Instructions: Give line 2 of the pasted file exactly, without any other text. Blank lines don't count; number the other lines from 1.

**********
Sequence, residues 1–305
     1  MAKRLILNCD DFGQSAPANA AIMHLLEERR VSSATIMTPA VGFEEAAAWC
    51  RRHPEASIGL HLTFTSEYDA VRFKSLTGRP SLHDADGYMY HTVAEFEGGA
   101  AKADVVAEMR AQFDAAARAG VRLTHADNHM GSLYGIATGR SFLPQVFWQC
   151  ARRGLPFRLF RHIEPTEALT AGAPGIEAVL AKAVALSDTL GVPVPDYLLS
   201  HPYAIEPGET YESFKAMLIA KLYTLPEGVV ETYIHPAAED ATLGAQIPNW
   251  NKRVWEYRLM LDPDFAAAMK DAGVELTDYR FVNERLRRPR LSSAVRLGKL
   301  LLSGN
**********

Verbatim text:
     1  MAKRLILNCD DFGQSAPANA AIMHLLEERR VSSATIMTPA VGFEEAAAWC